The flags of the United States and China stand behind a microphone at the United States Embassy in Beijing on April 9, 2009.
Frédéric J. Brown | AFP | Getty Images
The United States and China have just emerged from a high-profile meeting between their two leaders, with both sides adopting a positive tone about the future of their relationship – but one big question remains unanswered, an analyst said.
“The open question for the larger relationship is whether the United States and China can constructively deal with the slow-motion collision currently unfolding between their very different worldviews,” said Stephen Olson, senior researcher at the Hinrich Foundation, in a note Tuesday after the virtual conference. Mountain peak.
The United States and China still face “hard and irreconcilable differences” that run deep – and it remains to be seen whether the fallout between them will subside after US President Joe Biden meets Chinese President Xi Jinping, Olson said.
“No country is going to disappear. No country will accept the other’s point of view. The prudent way forward would be to find plausible ways that each side’s divergent narratives coexist,” he said.
Olson explained that China views the United States as a waning power at a time when Beijing seems more confident on the world stage. The United States sees the circumstances surrounding China’s rise as contrary to its own interests, and it must be prepared to “face and challenge with more force” China, he added.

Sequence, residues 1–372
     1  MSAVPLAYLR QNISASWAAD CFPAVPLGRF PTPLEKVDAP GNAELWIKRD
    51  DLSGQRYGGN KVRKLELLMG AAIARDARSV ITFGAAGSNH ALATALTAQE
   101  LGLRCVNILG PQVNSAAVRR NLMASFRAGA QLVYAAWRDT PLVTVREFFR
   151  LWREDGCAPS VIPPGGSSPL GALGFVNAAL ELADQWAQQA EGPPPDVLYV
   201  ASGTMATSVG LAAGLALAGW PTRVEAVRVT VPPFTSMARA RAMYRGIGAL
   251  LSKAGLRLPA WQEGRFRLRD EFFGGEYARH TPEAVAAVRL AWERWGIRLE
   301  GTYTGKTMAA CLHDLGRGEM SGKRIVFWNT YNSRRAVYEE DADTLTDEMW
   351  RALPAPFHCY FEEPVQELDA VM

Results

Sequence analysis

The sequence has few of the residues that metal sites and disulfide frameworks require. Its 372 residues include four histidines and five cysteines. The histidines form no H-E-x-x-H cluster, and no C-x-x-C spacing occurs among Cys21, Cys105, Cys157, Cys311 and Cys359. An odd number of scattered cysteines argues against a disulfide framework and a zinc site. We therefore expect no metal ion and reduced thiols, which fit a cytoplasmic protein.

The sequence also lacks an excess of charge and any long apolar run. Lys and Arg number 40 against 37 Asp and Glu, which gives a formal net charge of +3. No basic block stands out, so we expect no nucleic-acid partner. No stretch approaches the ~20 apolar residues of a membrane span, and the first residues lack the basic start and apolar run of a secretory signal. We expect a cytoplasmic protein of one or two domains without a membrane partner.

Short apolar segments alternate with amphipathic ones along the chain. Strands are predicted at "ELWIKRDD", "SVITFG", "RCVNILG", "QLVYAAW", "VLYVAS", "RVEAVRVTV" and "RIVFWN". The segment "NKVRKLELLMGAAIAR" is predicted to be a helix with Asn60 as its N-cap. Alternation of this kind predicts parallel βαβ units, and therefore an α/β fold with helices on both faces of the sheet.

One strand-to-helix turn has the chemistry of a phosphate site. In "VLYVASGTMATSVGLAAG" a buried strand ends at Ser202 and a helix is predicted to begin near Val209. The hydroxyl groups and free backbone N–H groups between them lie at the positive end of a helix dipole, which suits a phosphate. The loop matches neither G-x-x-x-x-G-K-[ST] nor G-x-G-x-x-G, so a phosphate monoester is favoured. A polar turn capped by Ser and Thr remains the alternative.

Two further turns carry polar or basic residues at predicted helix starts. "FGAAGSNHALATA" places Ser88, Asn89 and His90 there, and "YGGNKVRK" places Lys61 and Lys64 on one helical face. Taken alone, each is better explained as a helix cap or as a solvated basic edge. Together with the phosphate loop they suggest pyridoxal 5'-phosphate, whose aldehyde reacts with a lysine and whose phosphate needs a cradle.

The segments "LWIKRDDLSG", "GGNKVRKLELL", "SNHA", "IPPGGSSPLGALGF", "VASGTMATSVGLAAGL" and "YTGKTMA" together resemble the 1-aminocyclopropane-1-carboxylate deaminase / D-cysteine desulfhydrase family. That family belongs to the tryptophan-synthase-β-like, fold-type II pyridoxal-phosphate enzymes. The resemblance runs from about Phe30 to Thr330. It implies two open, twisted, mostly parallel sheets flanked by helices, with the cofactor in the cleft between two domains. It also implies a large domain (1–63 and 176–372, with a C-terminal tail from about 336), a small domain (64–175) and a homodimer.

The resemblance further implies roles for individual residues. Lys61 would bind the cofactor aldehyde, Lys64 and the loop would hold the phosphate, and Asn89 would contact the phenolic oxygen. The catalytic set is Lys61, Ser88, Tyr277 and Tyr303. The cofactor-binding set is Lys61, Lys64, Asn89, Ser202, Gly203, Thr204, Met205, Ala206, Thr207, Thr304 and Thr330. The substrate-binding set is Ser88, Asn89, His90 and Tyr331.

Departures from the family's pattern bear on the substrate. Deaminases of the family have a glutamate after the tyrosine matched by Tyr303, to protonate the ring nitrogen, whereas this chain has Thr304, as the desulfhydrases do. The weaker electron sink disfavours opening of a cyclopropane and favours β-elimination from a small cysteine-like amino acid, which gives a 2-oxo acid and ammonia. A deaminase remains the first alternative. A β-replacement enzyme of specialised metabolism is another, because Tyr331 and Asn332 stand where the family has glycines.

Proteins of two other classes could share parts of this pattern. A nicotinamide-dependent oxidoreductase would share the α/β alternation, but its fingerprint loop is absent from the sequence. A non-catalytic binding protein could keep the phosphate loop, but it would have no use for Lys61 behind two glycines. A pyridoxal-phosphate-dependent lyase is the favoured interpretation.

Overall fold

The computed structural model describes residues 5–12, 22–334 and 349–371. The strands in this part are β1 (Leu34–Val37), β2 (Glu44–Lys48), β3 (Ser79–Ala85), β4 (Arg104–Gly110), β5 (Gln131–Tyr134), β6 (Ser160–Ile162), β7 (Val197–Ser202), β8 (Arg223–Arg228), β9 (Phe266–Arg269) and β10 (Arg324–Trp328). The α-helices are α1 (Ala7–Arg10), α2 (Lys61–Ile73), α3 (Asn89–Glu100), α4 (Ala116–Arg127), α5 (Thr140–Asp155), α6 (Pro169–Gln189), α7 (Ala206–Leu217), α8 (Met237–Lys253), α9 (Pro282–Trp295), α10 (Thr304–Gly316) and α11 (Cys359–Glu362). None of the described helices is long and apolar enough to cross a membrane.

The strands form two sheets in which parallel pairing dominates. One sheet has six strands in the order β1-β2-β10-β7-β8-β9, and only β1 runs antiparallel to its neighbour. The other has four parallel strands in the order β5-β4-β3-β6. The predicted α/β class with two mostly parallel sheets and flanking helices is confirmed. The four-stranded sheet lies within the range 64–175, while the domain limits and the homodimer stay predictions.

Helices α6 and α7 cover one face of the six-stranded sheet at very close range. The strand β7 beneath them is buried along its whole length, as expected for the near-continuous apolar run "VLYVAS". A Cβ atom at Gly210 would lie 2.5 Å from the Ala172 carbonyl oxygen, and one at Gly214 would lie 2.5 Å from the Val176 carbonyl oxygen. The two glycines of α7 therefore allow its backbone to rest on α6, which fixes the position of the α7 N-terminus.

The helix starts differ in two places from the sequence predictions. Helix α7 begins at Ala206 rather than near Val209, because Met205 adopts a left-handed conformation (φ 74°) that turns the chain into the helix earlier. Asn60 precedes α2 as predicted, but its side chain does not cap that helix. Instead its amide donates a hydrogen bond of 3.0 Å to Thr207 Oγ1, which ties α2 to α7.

“Uncompromising and irreconcilable differences are ingrained in the vision of the other on either side. They cannot be removed,” Olson said.
Biden also appeared to recognize the challenge. He said there was a “need for common sense safeguards to ensure that competition does not escalate into conflict and to keep lines of communication open,” according to the White House reading after his meeting. with Xi.
Meanwhile, Xi told the meeting that in order for China and the United States to come to an agreement “in a new era,” they should respect principles of mutual respect, peaceful coexistence and win-win cooperation, according to China’s official English reading.
Beijing generally uses language like “mutual respect” to demand more favorable terms from the United States
‘Things can only get better’
The virtual meeting between Biden and Xi was the closest communication between the two leaders since Biden took office in January.
Relations between the United States and China have been difficult in recent years, with the two sides clashing over issues ranging from trade and technology policies to human rights and the origin of the Covid pandemic -19.
The Biden-Xi meeting yielded few concrete results, but it was still an important step in stabilizing relations between the two countries, observers said.
“It’s good that the two leaders have met. From there, things can only get better,” Gary Locke, former US Secretary of Commerce and US Ambassador to China, told Squawk Box Asia on Wednesday. “from CNBC.
“The two countries need each other, and the world needs the two countries to cooperate and work together to solve so many problems,” said Locke, now interim president of Bellevue College.
– CNBC’s Evelyn Cheng contributed to this report.